RDA was performed based on genus-level data to determine the correlation between bacterial, fungal communities and soil physicochemical properties (Fig. 5). Figure 5a illustrated a clear separation of bacterial communities in different treatments on the first ordination axis of the plot by ANOSIM analysis (P < 0.01), which accounted for 91.6%. NH4+-N (P = 0.008), TN (P = 0.002), and SOM (P = 0.002) content were the significant determinant factors for explaining the variation in bacterial community composition (Table 5). SOM explained up to 86.0% of the total bacterial variation. For fungi, the first two canonical axes for community composition explained 63.9% and 15.4% of the variations, respectively. TN content was statistically the most significant factor determining the fungal community composition, which explained 44% of the variation. Another 35% of the variation was also significantly related with SWC and NH4+-N (P < 0.05).
The “P. sinese—breeding industry” ecological agriculture farm served as a model system to investigate soil microbial communities in response to 2-year P. sinese plantation and organic fertilization. Our results exhibited the distinct soil bacterial and fungal community patterns after P. sinese plantation and organic fertilization, which was accompanied by the changes of soil chemical properties.
The diversity of bacterial communities was much higher than those of fungal communities, which agreed well with the previous finding (Tian et al. 2017). The positive correlation between the bacterial diversity and soil TN content (Table 2), supported by the result from Shen et al. (2013), whereas NO3−-N content was the most dominant variable to govern the fungal diversity, which could be explained by the high susceptibility of fungi to NO3− availability (Lilleskov et al. 2002). Here, the bacterial diversity indexes did not increase after P. sinese plantation. However, opposite results were reported for Eucalyptus plantation (Chen et al. 2013) and larch plantations (Zhang et al. 2017), indicating different plant species might have different effects on soil bacterial communities. In contrast, increased diversity indexes were observed in P-OM soil, which could be caused by the application of organic manure (Zhong et al. 2010, Zhang et al. 2012).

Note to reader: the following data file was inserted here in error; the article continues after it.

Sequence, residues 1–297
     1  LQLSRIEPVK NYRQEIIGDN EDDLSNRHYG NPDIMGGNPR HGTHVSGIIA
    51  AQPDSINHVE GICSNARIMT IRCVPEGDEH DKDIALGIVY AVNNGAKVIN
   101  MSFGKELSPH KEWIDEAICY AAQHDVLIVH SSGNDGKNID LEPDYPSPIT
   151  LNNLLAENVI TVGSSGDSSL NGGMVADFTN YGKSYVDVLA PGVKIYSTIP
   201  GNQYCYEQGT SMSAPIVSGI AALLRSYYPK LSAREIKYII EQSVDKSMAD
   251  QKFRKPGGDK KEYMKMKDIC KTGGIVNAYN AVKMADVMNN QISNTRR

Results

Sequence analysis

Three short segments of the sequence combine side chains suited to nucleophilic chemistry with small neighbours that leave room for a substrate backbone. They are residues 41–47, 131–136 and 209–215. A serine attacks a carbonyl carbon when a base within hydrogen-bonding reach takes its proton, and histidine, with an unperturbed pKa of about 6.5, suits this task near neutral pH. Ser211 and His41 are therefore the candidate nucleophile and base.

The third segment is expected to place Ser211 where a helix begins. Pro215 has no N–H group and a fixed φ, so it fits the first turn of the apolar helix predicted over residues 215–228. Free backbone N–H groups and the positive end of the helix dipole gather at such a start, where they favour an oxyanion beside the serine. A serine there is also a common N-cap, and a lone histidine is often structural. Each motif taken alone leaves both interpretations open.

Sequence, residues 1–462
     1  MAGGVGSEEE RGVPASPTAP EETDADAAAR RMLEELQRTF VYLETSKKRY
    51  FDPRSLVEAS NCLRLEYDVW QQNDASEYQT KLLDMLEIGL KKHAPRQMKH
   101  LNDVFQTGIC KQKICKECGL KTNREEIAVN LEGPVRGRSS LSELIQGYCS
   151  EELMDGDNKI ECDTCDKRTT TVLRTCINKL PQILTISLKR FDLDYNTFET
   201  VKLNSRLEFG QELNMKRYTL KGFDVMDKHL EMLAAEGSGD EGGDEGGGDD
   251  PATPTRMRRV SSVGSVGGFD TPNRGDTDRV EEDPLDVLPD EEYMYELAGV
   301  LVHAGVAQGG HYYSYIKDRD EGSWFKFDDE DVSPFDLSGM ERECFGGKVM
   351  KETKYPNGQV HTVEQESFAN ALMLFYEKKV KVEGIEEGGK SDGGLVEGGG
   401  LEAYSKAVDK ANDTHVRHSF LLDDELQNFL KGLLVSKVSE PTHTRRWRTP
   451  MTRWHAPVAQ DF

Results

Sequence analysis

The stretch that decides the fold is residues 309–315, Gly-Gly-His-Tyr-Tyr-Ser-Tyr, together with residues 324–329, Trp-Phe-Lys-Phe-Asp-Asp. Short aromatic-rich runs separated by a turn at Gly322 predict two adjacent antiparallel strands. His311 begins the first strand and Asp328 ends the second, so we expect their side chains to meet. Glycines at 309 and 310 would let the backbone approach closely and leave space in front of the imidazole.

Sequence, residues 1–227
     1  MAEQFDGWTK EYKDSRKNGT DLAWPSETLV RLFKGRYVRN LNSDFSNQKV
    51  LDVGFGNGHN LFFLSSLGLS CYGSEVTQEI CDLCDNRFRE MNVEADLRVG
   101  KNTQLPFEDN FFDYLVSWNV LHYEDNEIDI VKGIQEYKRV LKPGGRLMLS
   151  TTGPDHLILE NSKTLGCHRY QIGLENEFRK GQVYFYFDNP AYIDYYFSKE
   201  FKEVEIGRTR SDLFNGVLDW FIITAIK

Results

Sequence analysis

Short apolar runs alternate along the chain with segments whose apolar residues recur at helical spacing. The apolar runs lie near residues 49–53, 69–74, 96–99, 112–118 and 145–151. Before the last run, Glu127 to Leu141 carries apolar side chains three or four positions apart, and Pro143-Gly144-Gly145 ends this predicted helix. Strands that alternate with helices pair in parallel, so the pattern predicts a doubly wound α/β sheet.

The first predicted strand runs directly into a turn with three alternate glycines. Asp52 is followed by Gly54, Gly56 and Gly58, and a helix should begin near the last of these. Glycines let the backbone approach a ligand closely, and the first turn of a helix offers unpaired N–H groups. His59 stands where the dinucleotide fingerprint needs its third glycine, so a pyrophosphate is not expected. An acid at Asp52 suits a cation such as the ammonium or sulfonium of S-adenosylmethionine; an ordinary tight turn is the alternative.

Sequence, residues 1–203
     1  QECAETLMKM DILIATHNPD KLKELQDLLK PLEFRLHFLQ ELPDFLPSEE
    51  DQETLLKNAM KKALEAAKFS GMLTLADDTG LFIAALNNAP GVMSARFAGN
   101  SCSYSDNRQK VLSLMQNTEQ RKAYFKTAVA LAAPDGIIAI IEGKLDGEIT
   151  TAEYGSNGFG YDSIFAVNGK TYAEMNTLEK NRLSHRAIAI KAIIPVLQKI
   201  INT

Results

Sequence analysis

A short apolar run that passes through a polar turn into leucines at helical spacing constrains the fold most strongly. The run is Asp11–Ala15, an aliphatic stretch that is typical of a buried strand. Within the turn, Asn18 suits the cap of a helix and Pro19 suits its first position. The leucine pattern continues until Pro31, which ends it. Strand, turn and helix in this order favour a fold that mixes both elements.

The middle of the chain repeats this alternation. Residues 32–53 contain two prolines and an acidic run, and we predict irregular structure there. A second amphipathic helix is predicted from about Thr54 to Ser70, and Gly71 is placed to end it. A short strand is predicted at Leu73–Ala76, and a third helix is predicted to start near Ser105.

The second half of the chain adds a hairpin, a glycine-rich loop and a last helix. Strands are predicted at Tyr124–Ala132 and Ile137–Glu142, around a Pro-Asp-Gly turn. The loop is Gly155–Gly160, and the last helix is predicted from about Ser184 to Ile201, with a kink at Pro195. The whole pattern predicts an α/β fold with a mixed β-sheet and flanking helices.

The bacterial communities was dominated by Proteobacteria, Chloroflexi, Acidobacteria, Actinobacteria which were also found in other soils (Stott et al. 2008; Khodadad et al. 2011). Significant increase of Actinobacteria and Planctomycetes abundance after P. sinese plantation was observed. Actinobacteria have the potential for promoting plant growth (Hamdali et al. 2008), and is known to play an important role in mineralizing N and decomposing organic material (such as chitin and cellulose) (Li et al. 2010). The pronounced increase of Actinobacteria after P. sinese plantation might be fueled by its highly developed underground roots system of P. sinese. The increased abundance of genera Streptomyces, Arthrobacter, and Mycobacterium belonging to Actinobacteria was also observed in the pepper plantation soil (Hahm et al. 2017). It is noteworthy that Streptomyces has been proposed as beneficial microbes for their capacity of plant diseases suppression (Chen et al. 2018), illustrating that P. sinese plantation could improve soil resistance for soil-borne diseases. Besides, 36.1-fold increase of Acinetobacter was highly enriched in P soil. Some species within Acinetobacter have been reported for their root colonization properties and broad-spectrum plant growth-promoting metabolic activities (Gulati et al. 2009). The high abundance of Acinetobacter in P soil might be caused by the mutualism between P. sinese and Acinetobacter (Goldstein et al. 1999).